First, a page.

energy_diff = original_energy - minimized_energy

print(f"The minimized energy is {energy_diff} kcal/mol lower than the original.")

Substructure Searching or Specification

Generate SMILES, SMARTS, or ASL strings based on a set of atom indices via the generate_smiles, generate_smarts, and generate_asl functions. Documentation on ASL can be found in the Maestro Command Reference Manual.

Evaluate SMARTS or ASL strings and return a list of matching atom indices via the evaluate_smarts and evaluate_asl functions.

This example finds the set of unique SMILES strings in a structure file:

from schrodinger.structutils.analyze import generate_smiles

unique_smiles = set()
for st in reader:
    pattern = generate_smiles(st)

Structure Measurement

The schrodinger.structutils.measure module provides functions for measuring distances, angles, dihedral angles, and plane angles. It also offers the get_close_atoms method to find all pairs of atoms within a specified distance in less than O(N 2) time.

Structure Superimposition or Comparison

The in-place RMSD of two structures can be determined via the calculate_in_place_rmsd function. The ConformerRmsd class offers more complete RMSD comparison tools for conformers.

Two structures can be superimposed based on all atoms or a subset of atoms with the superimpose function.

Conversion Between 1D/2D and 3D Structures

To convert a 3D structure to a 1D structure (SMILES or SMARTS), use the appropriate function from schrodinger.structutils.analyze:

from schrodinger.structutils import analyze
smiles_list = []
smarts_list = []
for st in reader:

It is possible to convert a file of 1D SMILES strings to 3D structures.:

from schrodinger import structure

3d_sts = []
with structure.StructureReader.fromString('smiles_input') as reader:
    for 1d_st in reader:

To convert a 3D structure to a 2D structure, use the canvasConvert utility from the command line:

$SCHRODINGER/utilities/canvasConvert -imae input.mae -2D -osd

The resulting SD file can then be read back in with the StructureReader class.

Modifying a Structure

Atoms can be added via the Structure.addAtoms method.

Individual atoms can be deleted with standard Python list syntax:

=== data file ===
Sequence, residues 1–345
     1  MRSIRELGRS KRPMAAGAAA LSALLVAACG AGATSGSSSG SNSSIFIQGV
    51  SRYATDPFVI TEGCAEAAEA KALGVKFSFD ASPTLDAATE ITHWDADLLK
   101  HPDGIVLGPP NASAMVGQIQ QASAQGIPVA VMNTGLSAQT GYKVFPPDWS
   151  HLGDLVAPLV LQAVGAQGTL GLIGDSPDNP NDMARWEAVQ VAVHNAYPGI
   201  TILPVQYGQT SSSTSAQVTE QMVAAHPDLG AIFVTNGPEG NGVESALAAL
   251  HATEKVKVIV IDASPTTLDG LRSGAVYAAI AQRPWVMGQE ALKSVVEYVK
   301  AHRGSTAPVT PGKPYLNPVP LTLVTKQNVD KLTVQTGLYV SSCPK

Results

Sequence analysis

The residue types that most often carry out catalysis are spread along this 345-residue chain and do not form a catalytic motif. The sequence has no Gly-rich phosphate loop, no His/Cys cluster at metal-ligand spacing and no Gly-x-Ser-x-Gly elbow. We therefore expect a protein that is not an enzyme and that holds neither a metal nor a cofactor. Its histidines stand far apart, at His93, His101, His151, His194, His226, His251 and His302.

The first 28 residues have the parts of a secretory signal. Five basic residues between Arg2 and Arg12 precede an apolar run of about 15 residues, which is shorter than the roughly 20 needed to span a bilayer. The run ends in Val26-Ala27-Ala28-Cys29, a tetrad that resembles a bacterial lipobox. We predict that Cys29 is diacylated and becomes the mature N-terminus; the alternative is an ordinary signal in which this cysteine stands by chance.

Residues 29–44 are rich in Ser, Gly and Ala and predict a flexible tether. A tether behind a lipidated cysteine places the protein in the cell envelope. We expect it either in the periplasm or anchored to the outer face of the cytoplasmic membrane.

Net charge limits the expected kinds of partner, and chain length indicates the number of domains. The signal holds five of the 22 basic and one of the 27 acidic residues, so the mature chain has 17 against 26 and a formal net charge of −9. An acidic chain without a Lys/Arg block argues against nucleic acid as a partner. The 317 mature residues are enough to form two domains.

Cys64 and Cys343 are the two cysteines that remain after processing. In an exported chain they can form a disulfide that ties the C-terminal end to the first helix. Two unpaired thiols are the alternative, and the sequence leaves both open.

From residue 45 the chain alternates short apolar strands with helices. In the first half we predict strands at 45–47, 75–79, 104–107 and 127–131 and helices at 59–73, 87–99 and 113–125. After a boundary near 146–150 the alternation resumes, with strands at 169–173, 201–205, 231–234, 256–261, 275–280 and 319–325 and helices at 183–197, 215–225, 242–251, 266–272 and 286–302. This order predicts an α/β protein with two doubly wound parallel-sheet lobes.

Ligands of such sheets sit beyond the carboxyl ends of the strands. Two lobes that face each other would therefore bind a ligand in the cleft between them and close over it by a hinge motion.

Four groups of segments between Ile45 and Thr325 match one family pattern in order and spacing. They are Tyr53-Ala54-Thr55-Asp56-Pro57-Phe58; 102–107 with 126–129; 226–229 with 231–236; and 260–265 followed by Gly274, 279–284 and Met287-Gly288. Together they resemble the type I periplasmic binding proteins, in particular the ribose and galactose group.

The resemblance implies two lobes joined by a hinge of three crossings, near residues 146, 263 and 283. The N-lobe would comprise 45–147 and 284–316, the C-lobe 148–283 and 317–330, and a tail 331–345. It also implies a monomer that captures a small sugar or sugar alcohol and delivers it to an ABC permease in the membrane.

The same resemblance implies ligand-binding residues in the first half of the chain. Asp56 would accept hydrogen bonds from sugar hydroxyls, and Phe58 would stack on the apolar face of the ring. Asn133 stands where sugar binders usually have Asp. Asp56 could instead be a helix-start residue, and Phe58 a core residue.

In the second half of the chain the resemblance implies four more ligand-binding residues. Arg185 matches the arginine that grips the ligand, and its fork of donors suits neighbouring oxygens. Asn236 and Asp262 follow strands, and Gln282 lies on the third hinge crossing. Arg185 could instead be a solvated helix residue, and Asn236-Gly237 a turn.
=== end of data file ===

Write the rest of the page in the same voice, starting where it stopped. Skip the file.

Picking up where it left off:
>>> st_copy = st.copy()
>>> len(st.atom)
>>> del st.atom[2]
>>> len(st.atom)


Deleting atoms changes the indices of the atoms remaining in the Structure object.

Because deleting atoms renumbers the remaining atoms, multiple atoms should be deleted via the Structure.deleteAtoms method.

>>> len(st.atom)
>>> st.deleteAtoms([1, 2])
>>> len(st.atom)

Charges and atom identity can be modified by making assignments to the proper _StructureAtom attributes:

>>> st ='r_group_enumeration_library/Diverse_R-groups.maegz'))
>>> at = st.atom[1]
>>> at.element
>>> at.atomic_number
>>> at.formal_charge
>>> at.element = 'N'
>>> at.formal_charge = 1
>>> at.formal_charge
>>> at.atomic_number
>>> at.atomic_number = 6
>>> at.element

>>> other_atom = st.atom[5]
>>> other_atom.index
>>> del st.atom[2]
>>> other_atom.index # This index is updated

As can be seen from the above examples, changing the atomic_number or element attributes automatically updates the associated value.

Bonds can be broken or created. For example:

# To avoid modifying the original structure, make a copy.
st = st_orig.copy()

# Break and re-join the first bond on the first atom.
bond = st.atom[1].bond[1]

atom1 = bond.atom1.index
atom2 = bond.atom2.index
order = bond.order

st.deleteBond(atom1, atom2)     # Delete the bond.
st.addBond(atom1, atom2, order) # Recreate bond with same bond order.

Hydrogens can be added via the function, or deleted via the delete_hydrogens function.